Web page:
Teacher and her learners. Picture: Supplied
Teacher and her learners. Picture: Supplied

Thuli Madonsela calls for an improvement in the Early Childhood Development sector

By Harvest Thwala Time of article published Nov 23, 2021

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Equality in education for South Africa’s youngest children will deliver true social justice in the future.

Professor Thuli Madonsela who serves as the Law Trust Chair in Social Justice at Stellenbosch University Law Faculty, believes that every South African child is entitled to a “fair start to life”, through equal-quality Early Childhood Development (ECD) for children aged 0-6.

Currently, Prof Madonsela is leading the “Musa Plan for Social Justice” also known as the “Social Justice M-Plan”. This is aimed at accelerating the advancement of social justice, focusing on zero poverty and equalising opportunities in South Africa by 2030, as envisaged by the National Development Plan.

According to Prof Madonsela, South Africa needs modern 21st century education relevant to the new global economy.

“With the Fourth Industrial Revolution (4IR), the machines are doing all the routine things. And we must be the ones who are innovative. Therefore, now there's a mismatch between ourselves and our education,” says Madonsela.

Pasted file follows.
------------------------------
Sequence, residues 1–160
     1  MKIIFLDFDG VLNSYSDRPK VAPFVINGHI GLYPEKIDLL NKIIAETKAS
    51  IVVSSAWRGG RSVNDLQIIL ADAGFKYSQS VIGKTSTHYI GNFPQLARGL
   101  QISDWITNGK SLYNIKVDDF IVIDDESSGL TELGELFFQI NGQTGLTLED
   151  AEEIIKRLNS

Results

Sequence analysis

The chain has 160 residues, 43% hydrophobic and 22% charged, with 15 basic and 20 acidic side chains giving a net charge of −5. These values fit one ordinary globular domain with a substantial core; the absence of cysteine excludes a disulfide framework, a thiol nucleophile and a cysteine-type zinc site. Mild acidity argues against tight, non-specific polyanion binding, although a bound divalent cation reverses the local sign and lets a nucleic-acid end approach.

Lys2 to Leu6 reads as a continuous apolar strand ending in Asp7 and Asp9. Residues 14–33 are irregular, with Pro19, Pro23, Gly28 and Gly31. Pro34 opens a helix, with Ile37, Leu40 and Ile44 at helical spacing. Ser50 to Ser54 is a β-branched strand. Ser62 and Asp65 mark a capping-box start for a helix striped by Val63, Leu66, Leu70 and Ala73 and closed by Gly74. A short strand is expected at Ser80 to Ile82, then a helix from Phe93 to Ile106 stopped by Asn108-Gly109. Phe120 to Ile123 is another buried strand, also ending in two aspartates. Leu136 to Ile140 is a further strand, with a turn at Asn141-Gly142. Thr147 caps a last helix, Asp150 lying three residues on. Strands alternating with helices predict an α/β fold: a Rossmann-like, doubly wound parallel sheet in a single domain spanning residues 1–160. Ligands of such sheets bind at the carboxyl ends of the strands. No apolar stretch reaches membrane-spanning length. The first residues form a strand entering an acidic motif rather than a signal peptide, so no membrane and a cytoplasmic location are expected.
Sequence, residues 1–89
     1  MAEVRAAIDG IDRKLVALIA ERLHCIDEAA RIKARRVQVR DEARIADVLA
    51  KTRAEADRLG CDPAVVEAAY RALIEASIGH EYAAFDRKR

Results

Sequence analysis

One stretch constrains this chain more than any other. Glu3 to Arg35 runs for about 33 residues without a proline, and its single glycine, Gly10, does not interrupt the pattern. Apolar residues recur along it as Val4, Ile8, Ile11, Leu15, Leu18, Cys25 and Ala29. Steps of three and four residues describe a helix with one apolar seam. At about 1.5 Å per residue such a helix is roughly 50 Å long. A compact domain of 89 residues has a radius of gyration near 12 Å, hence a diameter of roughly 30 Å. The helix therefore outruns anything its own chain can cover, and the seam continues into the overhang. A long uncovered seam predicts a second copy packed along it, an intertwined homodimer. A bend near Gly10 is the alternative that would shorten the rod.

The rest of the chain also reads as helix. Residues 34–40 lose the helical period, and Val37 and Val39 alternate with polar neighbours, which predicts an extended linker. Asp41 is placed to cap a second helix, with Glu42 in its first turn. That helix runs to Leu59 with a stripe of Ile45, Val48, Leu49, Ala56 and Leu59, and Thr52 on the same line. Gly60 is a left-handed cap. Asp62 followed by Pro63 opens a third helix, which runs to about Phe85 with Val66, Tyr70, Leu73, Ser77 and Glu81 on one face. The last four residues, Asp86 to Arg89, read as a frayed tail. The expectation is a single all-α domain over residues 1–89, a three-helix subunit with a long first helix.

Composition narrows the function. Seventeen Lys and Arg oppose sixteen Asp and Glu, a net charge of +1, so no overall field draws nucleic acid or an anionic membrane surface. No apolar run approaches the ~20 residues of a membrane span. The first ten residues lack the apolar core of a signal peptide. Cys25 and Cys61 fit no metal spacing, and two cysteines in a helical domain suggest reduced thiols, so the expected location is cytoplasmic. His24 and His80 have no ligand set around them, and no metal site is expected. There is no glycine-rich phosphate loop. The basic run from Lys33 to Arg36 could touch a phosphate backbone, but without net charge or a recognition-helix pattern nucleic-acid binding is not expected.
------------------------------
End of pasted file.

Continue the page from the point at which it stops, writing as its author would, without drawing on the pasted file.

She said the current education system was specifically created for the 19th century, when industry needed people who didn't think.

“ It just needed people who had to do as they were required and told, But the 4IR has significantly changed this 200-year-old educational approach.”

Prof Madonsela is a patron of the Indaba Foundation, based in the Cape Winelands, which funds the training of women at the Indaba Institute training school outside Stellenbosch. This training enables women graduates to offer significantly higher-quality ECD to children in vulnerable communities. Other patrons include former Deputy President of South Africa, Phumzile Mlambo-Ngcuka, who has recently served as the executive director of UN Women, and UN expert Bience Gawanas.

Through the Indaba Foundation, Madonsela urges the government, the private sector and all South Africans to support quality ECD, “so that we can build a thriving nation”.

“A comprehensive network of quality ECD centres, such as the Indaba Foundation is working to deliver, could transform the future for South Africa. It’s all-hands-on-deck. We all need to become involved. When spider webs combine, they can tie up a lion,” concludes Madonsela.

Andre Shearer, founder and chairperson of the Indaba Foundation, welcomed Prof Madonsela, saying that her participation was crucial.

“Our urgent investment in our women graduates, and in the children they care for in our communities, is far more than an ‘education’ issue. We are laying the foundation for a more socially just future. To have Prof Madonsela at the forefront of ECD advocacy is both an honour, and vital.

“Her call for social investment in our work will resonate with people around the world. As it should, because investment in the earliest years of our children’s lives - aged 0 to 6-years-old - is the greatest investment any society can make in its future,” said Shearer.

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